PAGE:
Regulars / Best of the Web

The people’s choice, it’s Best of the Web!

It’s Best of the Web time so that means a healthy dose of internet gems, you lucky lot! This week we’ve got an array of goodies, including dreamy shots of salt ponds in Silicon Valley, an IRL bus route from Citymapper and a story about a 61-year-old fortune-teller who claims she is Salvador Dalí’s only child.

Tetris pieces meet, like each other, try to take it further… (Owen)

Next weekend, choreography provocateur Holly Blakey, who we interviewed back in March is taking over the Southbank Centre with Some Greater Class, created in collaboration with musicians Gwilym Gold and Darkstar and styled by the brilliant Hannah Hopkins. You have to go, but if you can’t get tickets, watch this (Bryony)

Graphic designer Reuben Alghali’s brilliantly executed Misbranding series puts posh brands in cheap brand’s packaging, for example Bollinger in a White Lightning bottle. (Jenny)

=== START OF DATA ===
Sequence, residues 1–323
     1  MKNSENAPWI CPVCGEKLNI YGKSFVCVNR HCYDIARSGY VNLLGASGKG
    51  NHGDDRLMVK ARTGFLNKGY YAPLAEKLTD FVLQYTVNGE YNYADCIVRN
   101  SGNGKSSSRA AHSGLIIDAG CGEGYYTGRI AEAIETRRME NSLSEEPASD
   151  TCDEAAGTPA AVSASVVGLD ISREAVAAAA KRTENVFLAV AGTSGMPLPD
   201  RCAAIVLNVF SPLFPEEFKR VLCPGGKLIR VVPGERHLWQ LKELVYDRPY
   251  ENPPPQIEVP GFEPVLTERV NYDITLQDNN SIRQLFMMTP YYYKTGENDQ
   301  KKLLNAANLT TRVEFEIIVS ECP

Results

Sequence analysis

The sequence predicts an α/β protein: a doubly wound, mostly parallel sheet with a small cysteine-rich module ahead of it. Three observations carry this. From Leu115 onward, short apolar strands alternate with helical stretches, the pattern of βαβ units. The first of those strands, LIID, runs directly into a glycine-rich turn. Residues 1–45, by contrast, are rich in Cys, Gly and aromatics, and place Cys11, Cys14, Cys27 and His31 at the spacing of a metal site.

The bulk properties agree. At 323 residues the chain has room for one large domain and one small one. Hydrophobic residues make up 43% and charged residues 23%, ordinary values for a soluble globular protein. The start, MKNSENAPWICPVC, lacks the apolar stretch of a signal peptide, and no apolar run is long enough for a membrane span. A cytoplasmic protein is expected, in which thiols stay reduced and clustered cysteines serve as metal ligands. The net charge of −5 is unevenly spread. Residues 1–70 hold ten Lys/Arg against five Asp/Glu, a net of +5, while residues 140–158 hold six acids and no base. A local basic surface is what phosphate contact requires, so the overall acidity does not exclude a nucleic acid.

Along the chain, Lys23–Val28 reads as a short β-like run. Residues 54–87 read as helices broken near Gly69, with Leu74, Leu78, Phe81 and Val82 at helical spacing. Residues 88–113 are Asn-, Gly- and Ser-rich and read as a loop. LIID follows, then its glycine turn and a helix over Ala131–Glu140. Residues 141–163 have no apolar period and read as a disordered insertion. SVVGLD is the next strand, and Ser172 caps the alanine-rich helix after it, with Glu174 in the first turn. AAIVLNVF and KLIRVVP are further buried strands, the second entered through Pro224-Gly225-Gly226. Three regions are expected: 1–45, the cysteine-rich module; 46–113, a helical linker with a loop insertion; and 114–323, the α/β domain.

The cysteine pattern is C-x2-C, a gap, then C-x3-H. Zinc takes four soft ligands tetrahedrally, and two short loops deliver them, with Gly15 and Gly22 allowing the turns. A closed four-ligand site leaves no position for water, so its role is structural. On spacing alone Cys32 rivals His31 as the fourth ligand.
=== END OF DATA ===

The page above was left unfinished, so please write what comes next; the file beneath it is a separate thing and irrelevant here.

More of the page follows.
Look at the robotics behind Disney’s Avatar animatronics. (Marianne)

Oooh lovely photos of Silicon Valley’s Salt Ponds (below) by Julieanne Kost. (Beccy)


Julieanne Kost

Citymapper is going to be running an IRL bus route in east London. (Jenny)

Impossible have made some Keith Haring polaroid frames. (Simon)

This video is a little old, but if Mumford and Sons can form a comeback so can this video taking the piss out of how many times they say heart across two albums… (Lucy)

This company is using QR codes on gravestones to tell the life story of the dead person. Wow. (Bryony)

Director Fernando Livschitz imagines life from a different perspective (below) in his latest short film. (Beccy)

Leslie David has created a collection of gifs inspired by pop culture for Garage magazine. (Jenny)

Salvador Dalí’s remains are due to be exhumed to settle a paternity case, involving a 61-year-old woman who claims she is the artist’s only child. (Beccy)

Bruce Weber’s Instagram is my favourite recent follow. Just LOOK at this photo of Sofia Coppola’s office in 1999. (Lucy)

Great explanation of the Schüfftan process used in films from 1920 onwards that used mirrors to add backgrounds to scenes like Metropolis. (Connor)

100s of issues of vintage sci-fi magazine Galaxy are now available online if you’re into that kind of thing. Some of the covers are incredible. (Tim)

Who to follow

Limber up those thumbs, because you’ll be tapping all night long on these sweet ’grams.

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